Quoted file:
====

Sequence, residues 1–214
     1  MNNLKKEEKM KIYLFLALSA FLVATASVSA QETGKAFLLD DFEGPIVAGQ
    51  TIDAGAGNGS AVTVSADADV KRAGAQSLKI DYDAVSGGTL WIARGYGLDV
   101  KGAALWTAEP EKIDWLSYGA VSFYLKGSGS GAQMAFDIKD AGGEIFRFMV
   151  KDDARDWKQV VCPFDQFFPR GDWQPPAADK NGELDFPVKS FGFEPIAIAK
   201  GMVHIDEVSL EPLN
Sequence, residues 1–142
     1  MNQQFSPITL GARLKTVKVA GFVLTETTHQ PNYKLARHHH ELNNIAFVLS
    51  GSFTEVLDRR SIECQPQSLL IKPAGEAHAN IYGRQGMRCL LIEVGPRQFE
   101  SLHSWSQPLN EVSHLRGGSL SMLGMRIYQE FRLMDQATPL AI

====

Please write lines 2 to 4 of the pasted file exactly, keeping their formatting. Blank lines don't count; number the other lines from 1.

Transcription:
     1  MNNLKKEEKM KIYLFLALSA FLVATASVSA QETGKAFLLD DFEGPIVAGQ
    51  TIDAGAGNGS AVTVSADADV KRAGAQSLKI DYDAVSGGTL WIARGYGLDV
   101  KGAALWTAEP EKIDWLSYGA VSFYLKGSGS GAQMAFDIKD AGGEIFRFMV